Creative – a new, old medium

If both ticketing and testing prove the efficacy and ease of use of the medium, the marketing community will relish its creative opportunities, particularly via the marriage of QR and AR. The packaging of the future is a portable interactive poster. It has already seen advertising properties such as Tony the Tiger coming to life via the wave of a mobile phone over a Frosties box’s QR code in work created with Experience Is Everything for Kellogg. This could be seen as a return to the old sales promotion technique of inviting consumers to read the packaging to find out what might be inside the box and how to act upon it. But, that is no match for today’s reality: an animated Tony on an AR video speaking to us directly. For Tony, see thousands of advertising icons and innumerable messages.

Connected packaging also throws up opportunities for new sponsorship creative – crucially, without the potential consumer irritant of the digital pop-up or over-intrusive placement. It offers in-store and at-home partnerships between retailers and brands, bringing the retail environment to the home. And it allows for shelving itself to become a medium, whether real or digital; revolutionizing Point of Sale.

Measurement – precision without friction

If data collection for ad targeting becomes so much more precise and frictionless, then so does measurement become easier and less susceptible to fraud. Propensity to buy can be measured accurately; DTC subscription opportunities become more cost effective to implement because there is less wastage and the true effects of price discounting and promotion can be measured tangibly and in real time. The numbers are startling: connected packaging creative can offer one third of the bounce rate of dot.com ads and twice the viewing time and return rate. Dwell times of 90 seconds (source: Experience is Everything) are common because, there is “learning through doing” taking place from an engaged consumer. No-one scans by accident.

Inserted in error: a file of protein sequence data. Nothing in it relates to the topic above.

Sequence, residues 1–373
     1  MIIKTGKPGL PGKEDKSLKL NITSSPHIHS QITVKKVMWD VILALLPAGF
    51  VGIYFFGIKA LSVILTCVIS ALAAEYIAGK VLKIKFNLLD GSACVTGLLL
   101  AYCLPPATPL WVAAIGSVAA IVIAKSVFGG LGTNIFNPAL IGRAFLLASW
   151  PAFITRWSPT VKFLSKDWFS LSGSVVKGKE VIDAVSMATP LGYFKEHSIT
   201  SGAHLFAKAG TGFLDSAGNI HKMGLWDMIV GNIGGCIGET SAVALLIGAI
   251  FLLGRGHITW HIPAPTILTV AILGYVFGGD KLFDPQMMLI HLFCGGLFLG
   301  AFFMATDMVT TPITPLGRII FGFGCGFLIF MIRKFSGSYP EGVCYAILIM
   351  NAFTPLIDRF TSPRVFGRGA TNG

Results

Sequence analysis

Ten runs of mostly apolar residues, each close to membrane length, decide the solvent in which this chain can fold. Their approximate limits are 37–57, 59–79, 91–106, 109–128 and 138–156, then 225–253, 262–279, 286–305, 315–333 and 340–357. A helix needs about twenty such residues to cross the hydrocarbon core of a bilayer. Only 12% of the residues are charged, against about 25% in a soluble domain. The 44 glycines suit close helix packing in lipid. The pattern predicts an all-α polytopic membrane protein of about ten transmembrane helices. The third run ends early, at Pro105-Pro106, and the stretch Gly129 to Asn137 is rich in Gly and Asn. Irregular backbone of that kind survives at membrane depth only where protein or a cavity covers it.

Of course, there are issues to be resolved. How should connected packaging be regulated in the increasingly complex environment of consumer privacy and GDPR? What is the true measurement potential of connected packaging when linked with the new Amazon Go-style frictionless payment systems? And how can connected packaging be best used beyond FMCG brands? Notably, scanning is in its infancy in many markets.

What goes around comes around: connected packaging can appear simultaneously to be a rebirth of both digital marketing and sales promotion. Whether on a real or digital shelf, it is an owned medium that may be both portable poster and interactive print ad. It represents genuine disintermediation; if you like, the brand taking back control of the brand message, via the product itself. The appeal to marketers might also lie in opportunities for data collection and measurement, but the joy for consumers is the potential it offers for personalization without the annoyances of digital advertising. It even offers creatives and consumers greater potential for emotionally responsive marketing: a rare opportunity to engage us through creativity.